Senior Enlisted Adviser Talks About Mental Health
A senior Pentagon enlisted leader is sharing his own story in a renewed effort to eliminate the stigma many troops feel when it comes to seeking behavioral health care.
“It took me 15 years to finally go ahead and identify it, and I did get help,” Senior Enlisted Advisor to the Chairman of the Joint Chiefs Ramon Colon-Lopez said Sept. 14 during a webinar hosted by the Association of the U.S. Army.
By position, Colon-Lopez is the military’s most senior enlisted member.
“It’s very important for our young service members, and old, to go ahead and seek the help they need in order for them to remain effective. We need to get over the misconceptions of mental health,” he said, describing brain health as one of eight areas in DoD’s Total Force Fitness program, which focuses on service members’ overall health and effectiveness throughout their careers.
There is much to learn about how the brain works, Colon-Lopez said. While “we’re making great strides,” mental health concerns are “leading to a lot of personnel being taken off the line of duty” or being medically retired, he said during The AUSA Noon Report virtual event.
It is important that service members get the help they need, he said. It is also important for the military to identify potential pitfalls and forecast when someone might need a break to recuperate.
“A lot of people shy away from seeking help out of fear of losing their job or their clearance or simply being labeled as someone who went to mental health,” Colon-Lopez said.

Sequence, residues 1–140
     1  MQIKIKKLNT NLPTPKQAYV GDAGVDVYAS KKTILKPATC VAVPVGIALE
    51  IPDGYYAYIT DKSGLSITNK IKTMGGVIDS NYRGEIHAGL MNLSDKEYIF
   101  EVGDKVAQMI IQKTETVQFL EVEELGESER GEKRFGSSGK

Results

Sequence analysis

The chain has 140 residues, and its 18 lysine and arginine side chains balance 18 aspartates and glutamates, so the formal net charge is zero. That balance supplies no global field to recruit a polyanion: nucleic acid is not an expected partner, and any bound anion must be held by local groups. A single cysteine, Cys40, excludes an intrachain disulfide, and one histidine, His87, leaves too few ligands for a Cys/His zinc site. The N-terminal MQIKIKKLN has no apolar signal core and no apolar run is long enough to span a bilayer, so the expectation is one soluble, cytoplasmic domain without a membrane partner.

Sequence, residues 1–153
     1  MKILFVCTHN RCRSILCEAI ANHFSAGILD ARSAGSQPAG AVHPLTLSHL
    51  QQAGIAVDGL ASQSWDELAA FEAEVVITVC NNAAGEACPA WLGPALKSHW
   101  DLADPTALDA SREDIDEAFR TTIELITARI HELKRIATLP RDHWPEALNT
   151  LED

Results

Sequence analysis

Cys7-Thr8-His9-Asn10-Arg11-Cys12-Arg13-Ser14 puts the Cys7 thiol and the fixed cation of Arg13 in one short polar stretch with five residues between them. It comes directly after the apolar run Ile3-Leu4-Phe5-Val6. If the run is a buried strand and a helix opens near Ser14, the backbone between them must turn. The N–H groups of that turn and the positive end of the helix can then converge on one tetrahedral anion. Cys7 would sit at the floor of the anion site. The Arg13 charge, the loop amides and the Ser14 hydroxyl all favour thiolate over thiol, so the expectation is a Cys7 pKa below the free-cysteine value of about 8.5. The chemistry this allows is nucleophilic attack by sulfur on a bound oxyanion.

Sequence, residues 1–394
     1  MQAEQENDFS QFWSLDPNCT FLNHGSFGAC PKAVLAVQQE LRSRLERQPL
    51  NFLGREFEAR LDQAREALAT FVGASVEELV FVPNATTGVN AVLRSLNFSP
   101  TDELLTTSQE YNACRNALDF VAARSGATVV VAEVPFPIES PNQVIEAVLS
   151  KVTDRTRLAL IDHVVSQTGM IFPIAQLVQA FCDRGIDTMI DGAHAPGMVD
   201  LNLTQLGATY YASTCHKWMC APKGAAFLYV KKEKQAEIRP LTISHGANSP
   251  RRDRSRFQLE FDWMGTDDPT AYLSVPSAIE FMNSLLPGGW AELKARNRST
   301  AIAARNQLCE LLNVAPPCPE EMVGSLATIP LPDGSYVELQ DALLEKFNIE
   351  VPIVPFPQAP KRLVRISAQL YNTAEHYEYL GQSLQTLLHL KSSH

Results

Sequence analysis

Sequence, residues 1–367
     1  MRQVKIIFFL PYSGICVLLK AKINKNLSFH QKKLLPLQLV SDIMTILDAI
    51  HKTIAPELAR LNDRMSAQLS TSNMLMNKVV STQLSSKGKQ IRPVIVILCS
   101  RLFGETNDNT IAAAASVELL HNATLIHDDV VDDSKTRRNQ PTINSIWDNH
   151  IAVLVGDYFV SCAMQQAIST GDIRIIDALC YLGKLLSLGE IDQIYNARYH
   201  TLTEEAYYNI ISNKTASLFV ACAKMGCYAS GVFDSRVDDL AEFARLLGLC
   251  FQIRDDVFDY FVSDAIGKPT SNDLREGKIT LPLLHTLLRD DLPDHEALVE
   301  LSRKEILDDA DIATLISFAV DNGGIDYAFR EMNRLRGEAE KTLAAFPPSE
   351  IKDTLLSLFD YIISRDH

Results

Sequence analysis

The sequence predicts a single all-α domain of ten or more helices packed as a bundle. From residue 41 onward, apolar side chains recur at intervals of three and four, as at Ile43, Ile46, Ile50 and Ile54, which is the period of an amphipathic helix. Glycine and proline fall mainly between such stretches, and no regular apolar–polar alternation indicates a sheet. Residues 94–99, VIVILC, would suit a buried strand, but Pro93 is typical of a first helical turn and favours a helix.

Some also may feel as if their concerns aren’t as important if they haven’t served in combat, he said.
“Never measure your worth by your proximity to the fight,” he said. “Regardless of where you work, regardless of what you do, military service is stressful … and life is stressful.”
To combat the stigma, leaders at all levels of the military must be supportive of their troops, and the military could rethink the way troops get help. Maybe instead of going to a behavioral health clinic, troops can go to a human performance lab where they get a holistic, head-to-toe evaluation, “it’s nonjudgmental, and people feel comfortable that they’re going to get fixed regardless of what the problem is,” Colon-Lopez said.
Colon-Lopez, an Air Force pararescueman with multiple deployments, said his wife asked him “for a long, long time” to seek help. “Because of personal pride and the company I kept in special operations … I didn’t for a very long time,” he said.
It wasn’t until “the wheels were about to come off” and “I was in a place where it could’ve been detrimental to everything we’d built” that he finally listened to his wife’s pleas, Colon-Lopez said.
“I was guilty for not believing I needed help, I was worried about what would happen, I was concerned about my reputation. Was I going to be seen as weak? Was I going to be seen as broken?” he said.
Colon-Lopez, who said he was receiving care when he interviewed with Joint Chiefs Chairman Gen. Mark Milley for his current job, is urging others to get the help they need.
“Don’t become another number or another statistic,” he said, using as an example how people will get chemotherapy or radiation or surgery or whatever is needed to fight cancer.
“We’ve got to treat mental health in the same fashion, because it is no different,” he said. “It is an ailment.”